The great remote working experiment forced upon much of the population due to the global medical crisis is coming to an end. Lessons learned of how remote working can be effective are countered with arguments of poor assessment when there was little or no choice for so many people. Exuberant uptake for a change of scene, albeit for work or leisure, has brought road traffic closer to pre-pandemic levels utilising an older UK car parc and a sense of uncertainty for motorists who are currently considering their options for future vehicle purchases from a more expensive pool than previously experienced.
Government encouragement to see the workforce return to the workplace has been met with a mixed response. It would be sceptical to assume that this could be rooted in fear that jobs capable of being executed in a dining room in Scunthorpe, could also be performed anywhere in the world, which could cause something of an unemployment headache for our current administration if jobs suddenly haemorrhaged overseas.
The commute creates business opportunity for those who facilitate the journeys made. From coffee bars to workshops, enabling hassle free movement, sprinkling a few joyous luxuries into what this slog can be. This has created commerce, but also training and career development for a variety of sectors.
Recognising that for some, full-time employment out of the home is best, and for others – wholly remaining within their own four walls really works, it is likely that a hybrid model will come to evolve as the working population adjusts following the trauma of the pandemic. Large companies are making their feelings plain, either by using an enforced return to the command-and-control model of the centralised workplace or a more laid-back approach to flexible hours. Time will tell who backed the right employment strategy. With a shortage of talent, shortening the labour available to only those who can conform to limiting hours would perhaps only work for the most confident of their sector.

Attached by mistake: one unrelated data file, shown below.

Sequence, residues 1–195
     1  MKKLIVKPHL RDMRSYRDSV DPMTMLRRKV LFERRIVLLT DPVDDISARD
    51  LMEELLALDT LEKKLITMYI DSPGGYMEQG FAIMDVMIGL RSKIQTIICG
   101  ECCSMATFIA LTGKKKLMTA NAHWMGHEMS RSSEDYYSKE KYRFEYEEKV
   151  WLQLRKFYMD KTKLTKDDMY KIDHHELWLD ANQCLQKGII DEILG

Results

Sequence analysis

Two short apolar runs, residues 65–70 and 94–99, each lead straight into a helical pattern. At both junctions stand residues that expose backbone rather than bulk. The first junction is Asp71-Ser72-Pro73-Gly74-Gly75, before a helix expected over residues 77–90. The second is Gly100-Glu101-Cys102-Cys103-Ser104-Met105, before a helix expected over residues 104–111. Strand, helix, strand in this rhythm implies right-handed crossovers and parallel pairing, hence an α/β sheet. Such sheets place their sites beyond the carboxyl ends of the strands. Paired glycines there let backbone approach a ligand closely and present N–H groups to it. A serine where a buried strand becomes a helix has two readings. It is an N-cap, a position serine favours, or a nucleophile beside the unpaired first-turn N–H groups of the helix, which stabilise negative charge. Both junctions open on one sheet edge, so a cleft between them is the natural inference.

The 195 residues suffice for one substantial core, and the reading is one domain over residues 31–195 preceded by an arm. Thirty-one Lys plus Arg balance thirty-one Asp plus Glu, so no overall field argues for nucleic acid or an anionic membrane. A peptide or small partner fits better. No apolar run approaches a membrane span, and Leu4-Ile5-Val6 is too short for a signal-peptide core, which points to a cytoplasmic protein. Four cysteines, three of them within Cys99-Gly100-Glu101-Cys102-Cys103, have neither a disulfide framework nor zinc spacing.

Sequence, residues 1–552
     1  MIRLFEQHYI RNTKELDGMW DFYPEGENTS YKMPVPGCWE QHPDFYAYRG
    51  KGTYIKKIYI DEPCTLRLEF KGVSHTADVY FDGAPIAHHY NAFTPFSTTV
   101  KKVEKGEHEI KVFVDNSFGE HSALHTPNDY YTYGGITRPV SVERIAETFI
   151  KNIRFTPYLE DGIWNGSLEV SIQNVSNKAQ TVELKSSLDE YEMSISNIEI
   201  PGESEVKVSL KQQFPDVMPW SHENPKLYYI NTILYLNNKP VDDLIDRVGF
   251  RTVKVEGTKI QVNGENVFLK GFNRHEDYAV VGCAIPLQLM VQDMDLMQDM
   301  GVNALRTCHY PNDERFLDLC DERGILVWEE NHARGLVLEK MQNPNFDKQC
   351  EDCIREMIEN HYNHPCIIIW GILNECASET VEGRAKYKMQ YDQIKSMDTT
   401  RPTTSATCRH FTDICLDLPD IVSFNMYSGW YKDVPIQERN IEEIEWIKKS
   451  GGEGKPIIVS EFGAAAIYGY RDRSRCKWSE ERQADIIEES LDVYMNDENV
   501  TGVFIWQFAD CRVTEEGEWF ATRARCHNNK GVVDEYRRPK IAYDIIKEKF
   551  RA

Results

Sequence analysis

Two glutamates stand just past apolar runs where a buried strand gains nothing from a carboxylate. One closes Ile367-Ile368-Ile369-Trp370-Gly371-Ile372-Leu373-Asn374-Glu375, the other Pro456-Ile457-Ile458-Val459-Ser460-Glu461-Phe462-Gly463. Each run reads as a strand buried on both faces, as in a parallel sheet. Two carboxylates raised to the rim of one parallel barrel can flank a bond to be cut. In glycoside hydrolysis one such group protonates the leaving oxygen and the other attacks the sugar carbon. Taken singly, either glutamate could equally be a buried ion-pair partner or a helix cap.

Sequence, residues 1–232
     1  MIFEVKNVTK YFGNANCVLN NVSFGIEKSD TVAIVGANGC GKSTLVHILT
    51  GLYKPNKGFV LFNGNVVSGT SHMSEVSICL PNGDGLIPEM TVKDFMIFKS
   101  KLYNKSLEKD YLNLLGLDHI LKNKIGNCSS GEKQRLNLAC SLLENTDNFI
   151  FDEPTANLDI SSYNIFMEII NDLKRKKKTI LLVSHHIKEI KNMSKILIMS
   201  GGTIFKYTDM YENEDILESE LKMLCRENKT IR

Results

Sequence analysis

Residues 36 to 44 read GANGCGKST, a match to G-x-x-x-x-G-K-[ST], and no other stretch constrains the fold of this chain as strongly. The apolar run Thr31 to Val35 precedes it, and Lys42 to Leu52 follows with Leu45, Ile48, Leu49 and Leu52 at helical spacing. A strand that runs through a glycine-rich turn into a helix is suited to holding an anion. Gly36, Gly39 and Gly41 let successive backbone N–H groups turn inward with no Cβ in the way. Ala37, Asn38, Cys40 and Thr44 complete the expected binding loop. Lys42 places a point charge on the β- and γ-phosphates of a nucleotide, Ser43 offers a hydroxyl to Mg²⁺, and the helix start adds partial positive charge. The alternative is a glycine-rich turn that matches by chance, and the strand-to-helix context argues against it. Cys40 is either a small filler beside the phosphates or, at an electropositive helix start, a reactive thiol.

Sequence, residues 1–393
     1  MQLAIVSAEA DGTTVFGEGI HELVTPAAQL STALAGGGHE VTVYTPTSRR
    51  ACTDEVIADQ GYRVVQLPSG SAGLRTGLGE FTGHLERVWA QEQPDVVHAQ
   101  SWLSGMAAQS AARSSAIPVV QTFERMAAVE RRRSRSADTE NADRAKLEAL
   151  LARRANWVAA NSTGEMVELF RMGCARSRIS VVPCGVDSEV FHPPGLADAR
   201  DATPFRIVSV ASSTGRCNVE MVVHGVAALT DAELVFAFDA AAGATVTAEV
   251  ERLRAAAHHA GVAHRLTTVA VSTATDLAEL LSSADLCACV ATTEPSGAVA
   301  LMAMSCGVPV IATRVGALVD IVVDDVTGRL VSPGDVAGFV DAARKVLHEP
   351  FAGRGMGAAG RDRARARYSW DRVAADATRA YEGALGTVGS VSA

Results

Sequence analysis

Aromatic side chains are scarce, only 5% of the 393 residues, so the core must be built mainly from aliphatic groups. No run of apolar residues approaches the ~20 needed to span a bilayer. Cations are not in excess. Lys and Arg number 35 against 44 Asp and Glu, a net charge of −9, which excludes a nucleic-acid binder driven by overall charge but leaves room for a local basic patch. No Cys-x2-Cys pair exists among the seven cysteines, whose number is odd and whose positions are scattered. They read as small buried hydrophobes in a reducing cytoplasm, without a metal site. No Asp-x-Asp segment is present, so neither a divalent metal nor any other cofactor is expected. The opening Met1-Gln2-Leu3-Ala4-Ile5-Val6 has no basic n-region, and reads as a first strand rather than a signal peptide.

Nervousness of wholesome return to pre covid-19 work has demonstrated, personal transport solutions will be an important aspect of how the new model of working evolves. Public transport, especially with the continued use of PPE to engage with it, may serve as a reminder of darker times. This environment may still carry perceived risk, meaning a private mode of transport may be preferred. Whilst vehicle use within the household is adjusted to the change in travel habits, they are unlikely to be consigned as a relic just yet.
How will cars be used before mainstream uptake of electric and hybrid vehicles?
Instead of “my car” and “your car”, we may see “big car” and “small car” – or even “car” and “bicycles”, all dependant on the work/location/situation variables. This might be a difficult shift as statement of identity is often extended to vehicles, and many have vehicles as an employment package which can make them problematic to share. The decision to shed a vehicle may be made when faced with a fiscally unviable repair, and the replacement downsized, or perhaps not replaced at all.
Depersonalisation of private transport may give rise to subscription model access to variable transport which includes maintenance, or the aftermarket has an opportunity to help manage their fleet of motorists using customer relationship management strategies, helping with the navigation of maintenance and repair on behalf of the user.
As a service industry, understanding what the future service needs will be from the modern motorist will be just as important as understanding the technology that is physically entering the workshop. For the immediate future, Q3 will likely be a bumper quarter for service and repair.